A Realist National Security Strategy

U.S. National Security Adviser H.R. McMaster (standing) speaks with U.S. President Donald Trump as he meets with China's Premier Li Keqiang (C, in background) at the Great Hall of the People in Beijing, China, November 9, 2017. REUTERS/Jonathan Ernst

The National Security Strategy is refreshingly blunt on some regional issues that have been soft-pedaled in the past.

March-April 2018

THE HALLMARK of the Donald Trump administration’s National Security Strategy (NSS), which was released in December, is the idea of “principled realism.” This marks a decided shift from the policies of Trump’s two immediate predecessors. President Bush, with his expansive freedom agenda, set a high priority on the use of U.S. power to promote liberty and democracy. President Obama, less committed to the idea of American exceptionalism and more doubtful of the value of the American role in the world, sought to disengage and “lead from behind.” The Trump NSS, by contrast, represents a return to realism.

In his valuable book Realpolitik: A History, the British historian John Bew explains that realpolitik, or realism, was not, as often characterized today, an amoral approach to foreign policy. Instead, it arose in the nineteenth century in Germany, where figures such as Ludwig von Rochau, who believed in classical liberalism and who participated in the 1848 revolution, struggled to define a foreign policy that was true to their ideals but also cognizant of the limits of their power vis-à-vis states and empires ruled by authoritarians. As Bew puts it, realists focused on the question of “how to achieve liberal enlightened goals—which included balance and equilibrium—in a world that did not follow liberal enlightened rules.”

How has the Trump administration sought to resolve this dilemma? First, it has avoided the trap of equating strategy with a wish list of goals, disconnected from the realities and limits of power.

In the past, the NSS document has often consisted of bottom-up aggregations of policies, which were essentially just stapled together and labeled a strategy, but did not comprise actual conceptual frameworks or orderings of priorities. The administration deserves credit for undertaking this strategy process early on.

In fact, the new NSS is the first serious top-down, government-wide strategy produced since the well-known Defense Policy Guidance (DPG) produced by the Pentagon in 1992, after the end of the Cold War. While the DPG—which I played a key role in formulating—was not embraced as a national-security strategy by the George H. W. Bush administration, many of its concepts shaped subsequent strategy documents and policies.

Second, the Trump administration took a clear-eyed look at world politics and at how we are currently positioned. In 1992, we had arrived at a unipolar moment at the end of the Cold War. The United States was preeminent, and the issue was how to consolidate that preeminence, preclude the rise of a global rival and prevent the domination of critical regions by hostile powers. That brief unipolar era is over.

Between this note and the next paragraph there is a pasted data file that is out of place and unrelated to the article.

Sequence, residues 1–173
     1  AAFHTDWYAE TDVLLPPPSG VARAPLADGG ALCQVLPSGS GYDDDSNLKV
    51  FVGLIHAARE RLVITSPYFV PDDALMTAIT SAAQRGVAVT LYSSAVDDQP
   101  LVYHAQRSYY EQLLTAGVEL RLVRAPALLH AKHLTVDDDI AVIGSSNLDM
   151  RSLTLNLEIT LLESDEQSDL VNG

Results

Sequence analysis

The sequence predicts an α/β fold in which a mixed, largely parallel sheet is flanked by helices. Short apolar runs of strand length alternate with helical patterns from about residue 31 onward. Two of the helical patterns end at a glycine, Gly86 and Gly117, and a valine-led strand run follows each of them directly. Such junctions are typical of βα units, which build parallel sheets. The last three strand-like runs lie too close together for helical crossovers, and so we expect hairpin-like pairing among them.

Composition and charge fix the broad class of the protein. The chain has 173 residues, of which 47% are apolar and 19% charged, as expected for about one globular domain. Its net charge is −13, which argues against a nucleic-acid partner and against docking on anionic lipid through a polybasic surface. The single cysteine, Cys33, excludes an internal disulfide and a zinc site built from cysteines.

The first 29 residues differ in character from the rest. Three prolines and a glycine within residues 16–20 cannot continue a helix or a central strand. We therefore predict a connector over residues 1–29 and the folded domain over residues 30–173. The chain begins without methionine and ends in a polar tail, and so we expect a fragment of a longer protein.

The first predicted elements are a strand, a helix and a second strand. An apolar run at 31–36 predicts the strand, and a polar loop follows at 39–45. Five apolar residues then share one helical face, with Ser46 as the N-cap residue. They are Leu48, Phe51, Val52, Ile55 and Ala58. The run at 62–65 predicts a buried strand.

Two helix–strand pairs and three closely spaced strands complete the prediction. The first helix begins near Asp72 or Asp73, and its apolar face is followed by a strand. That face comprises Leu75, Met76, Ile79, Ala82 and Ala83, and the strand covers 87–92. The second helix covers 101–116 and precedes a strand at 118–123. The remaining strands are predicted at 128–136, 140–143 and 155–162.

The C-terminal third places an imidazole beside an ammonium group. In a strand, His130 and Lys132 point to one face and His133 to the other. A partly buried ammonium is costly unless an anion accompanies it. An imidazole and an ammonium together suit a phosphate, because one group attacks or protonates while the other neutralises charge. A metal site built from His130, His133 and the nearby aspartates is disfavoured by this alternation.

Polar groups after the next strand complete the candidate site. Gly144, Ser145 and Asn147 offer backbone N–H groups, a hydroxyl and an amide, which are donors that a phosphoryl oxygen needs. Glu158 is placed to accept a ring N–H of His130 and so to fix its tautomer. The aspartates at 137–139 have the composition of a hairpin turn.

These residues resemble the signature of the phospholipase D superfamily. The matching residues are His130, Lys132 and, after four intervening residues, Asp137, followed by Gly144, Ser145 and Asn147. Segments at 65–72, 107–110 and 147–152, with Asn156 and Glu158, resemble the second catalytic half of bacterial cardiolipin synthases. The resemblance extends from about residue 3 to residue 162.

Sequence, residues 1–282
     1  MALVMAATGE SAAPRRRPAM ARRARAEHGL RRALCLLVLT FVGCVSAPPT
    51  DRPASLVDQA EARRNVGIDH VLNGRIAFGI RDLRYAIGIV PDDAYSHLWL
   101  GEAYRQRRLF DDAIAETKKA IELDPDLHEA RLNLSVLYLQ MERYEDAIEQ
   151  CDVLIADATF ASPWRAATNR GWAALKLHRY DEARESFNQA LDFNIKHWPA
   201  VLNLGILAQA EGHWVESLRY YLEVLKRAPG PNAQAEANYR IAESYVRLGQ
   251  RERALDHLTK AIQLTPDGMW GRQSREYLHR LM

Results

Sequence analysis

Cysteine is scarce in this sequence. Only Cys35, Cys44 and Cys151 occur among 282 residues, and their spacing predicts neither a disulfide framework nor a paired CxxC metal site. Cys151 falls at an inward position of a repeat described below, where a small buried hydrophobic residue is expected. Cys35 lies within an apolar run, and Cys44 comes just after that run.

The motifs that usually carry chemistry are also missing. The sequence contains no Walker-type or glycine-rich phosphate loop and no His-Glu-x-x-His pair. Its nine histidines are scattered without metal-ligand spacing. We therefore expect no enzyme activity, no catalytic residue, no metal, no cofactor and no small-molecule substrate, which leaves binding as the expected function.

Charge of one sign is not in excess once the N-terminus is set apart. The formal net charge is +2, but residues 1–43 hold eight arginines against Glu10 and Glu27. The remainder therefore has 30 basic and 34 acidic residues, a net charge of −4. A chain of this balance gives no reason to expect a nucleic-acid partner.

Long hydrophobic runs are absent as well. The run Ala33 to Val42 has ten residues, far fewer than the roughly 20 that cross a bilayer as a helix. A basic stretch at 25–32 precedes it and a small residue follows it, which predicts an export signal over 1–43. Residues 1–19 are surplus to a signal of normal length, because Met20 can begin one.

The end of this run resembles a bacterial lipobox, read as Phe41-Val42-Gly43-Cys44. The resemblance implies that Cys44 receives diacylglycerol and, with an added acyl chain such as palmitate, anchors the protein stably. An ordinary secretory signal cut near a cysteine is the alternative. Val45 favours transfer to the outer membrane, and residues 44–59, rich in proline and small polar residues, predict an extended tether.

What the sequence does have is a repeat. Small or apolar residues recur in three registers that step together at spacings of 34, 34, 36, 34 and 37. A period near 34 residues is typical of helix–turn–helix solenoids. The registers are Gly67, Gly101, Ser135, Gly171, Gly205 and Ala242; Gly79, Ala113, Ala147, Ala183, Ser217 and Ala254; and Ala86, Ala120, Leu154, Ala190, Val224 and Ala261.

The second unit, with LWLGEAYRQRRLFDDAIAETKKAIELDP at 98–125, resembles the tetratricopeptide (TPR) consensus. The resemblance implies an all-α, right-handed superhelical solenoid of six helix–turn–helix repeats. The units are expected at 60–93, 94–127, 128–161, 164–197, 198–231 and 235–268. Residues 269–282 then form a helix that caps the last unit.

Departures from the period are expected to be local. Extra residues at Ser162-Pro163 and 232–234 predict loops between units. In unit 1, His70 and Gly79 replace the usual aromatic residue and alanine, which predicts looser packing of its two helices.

Today, in critical regions, the mission of interstate competition has returned. China, Russia and Iran now present competitive challenges to the United States and its allies and partners. Beijing, by virtue of its dynamic economy, military buildup and assertive maritime claims, is the primary strategic competitor. Russia seeks to dominate its periphery. North Korea not only seeks coercive leverage over South Korea and Japan, but also is on the verge of being able to threaten American population centers with nuclear weapons. Also, regional and global trends have made many regions unstable, producing streams of refugees that in turn have had major political impacts. Threats from nonstate actors such as international terrorists, at times sponsored by hostile states, have grown.

Third, implicitly and sometimes explicitly, the new NSS identifies strategic errors by which the United States has contributed to today’s challenges. At times the United States has recklessly disengaged, while at other times it has rushed forward with inadequately thought-through plans, or failed to take advantage of the golden hour presented by its actions. In still other instances, the United States has failed to preclude emerging threats in a timely manner. Often, it naively believed that the political systems of adversaries would converge with American values, or that generous arms-control or trade deals would induce other countries to follow the U.S.-led international order. These mistakes crossed party lines and involved both the executive and legislative branches. As a result, the balance of power in key regions shifted toward adversarial powers.

Fourth, the Trump administration has struck a new, cogent position in the perpetual debate about whether the United States’ foreign policy should be guided by the national interest or the country’s values and ideals. The Trump doctrine, reflective of a nation that is questioning the wisdom of some recent international ventures, suggests that the balance has shifted in favor of interests.

As a member of the board of the National Endowment for Democracy, I was forcibly struck by the document’s demotion of democracy promotion. Unsurprisingly, given the president’s views of the wars in Iraq and Libya, regime change is out for now. Challenging authoritarian regimes about their treatment of their own people also seems to command less importance, though the president has spoken forcefully about the situations in Venezuela and Iran.